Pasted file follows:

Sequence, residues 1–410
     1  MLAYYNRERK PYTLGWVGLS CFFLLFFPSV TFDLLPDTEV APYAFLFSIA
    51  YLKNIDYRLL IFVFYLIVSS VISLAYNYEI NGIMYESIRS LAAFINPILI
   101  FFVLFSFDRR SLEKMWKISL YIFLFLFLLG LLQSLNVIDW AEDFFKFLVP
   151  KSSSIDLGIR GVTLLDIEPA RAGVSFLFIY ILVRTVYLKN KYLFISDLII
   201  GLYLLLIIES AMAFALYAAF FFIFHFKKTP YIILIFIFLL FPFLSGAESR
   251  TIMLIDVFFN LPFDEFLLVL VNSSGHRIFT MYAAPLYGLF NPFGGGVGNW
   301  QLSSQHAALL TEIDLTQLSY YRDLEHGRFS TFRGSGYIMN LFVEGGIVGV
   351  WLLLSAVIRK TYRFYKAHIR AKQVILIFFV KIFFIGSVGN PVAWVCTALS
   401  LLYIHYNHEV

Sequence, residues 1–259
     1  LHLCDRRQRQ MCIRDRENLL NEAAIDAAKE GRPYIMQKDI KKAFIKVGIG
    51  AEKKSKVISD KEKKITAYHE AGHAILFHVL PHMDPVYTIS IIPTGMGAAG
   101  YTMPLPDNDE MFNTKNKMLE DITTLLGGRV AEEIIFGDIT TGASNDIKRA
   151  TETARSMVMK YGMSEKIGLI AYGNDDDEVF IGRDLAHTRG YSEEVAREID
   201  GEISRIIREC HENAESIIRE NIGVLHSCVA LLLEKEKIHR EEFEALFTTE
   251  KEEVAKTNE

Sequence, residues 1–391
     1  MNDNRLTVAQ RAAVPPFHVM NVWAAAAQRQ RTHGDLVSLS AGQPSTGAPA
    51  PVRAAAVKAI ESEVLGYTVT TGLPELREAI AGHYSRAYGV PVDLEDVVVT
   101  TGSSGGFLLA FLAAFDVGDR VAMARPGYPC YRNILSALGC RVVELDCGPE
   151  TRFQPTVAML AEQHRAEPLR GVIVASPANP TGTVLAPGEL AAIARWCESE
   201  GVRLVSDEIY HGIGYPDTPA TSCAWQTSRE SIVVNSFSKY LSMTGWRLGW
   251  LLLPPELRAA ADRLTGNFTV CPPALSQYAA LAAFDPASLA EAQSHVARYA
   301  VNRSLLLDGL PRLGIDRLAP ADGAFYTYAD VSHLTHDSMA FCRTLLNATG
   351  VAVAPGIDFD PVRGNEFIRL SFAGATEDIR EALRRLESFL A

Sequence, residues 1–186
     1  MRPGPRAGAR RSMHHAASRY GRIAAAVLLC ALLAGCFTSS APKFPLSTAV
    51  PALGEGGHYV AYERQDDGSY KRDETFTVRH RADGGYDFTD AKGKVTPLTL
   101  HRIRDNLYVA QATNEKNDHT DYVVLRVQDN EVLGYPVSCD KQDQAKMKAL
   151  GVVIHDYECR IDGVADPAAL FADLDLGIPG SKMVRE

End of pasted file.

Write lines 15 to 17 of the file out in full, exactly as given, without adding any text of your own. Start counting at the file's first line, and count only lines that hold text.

   151  TETARSMVMK YGMSEKIGLI AYGNDDDEVF IGRDLAHTRG YSEEVAREID
   201  GEISRIIREC HENAESIIRE NIGVLHSCVA LLLEKEKIHR EEFEALFTTE
   251  KEEVAKTNE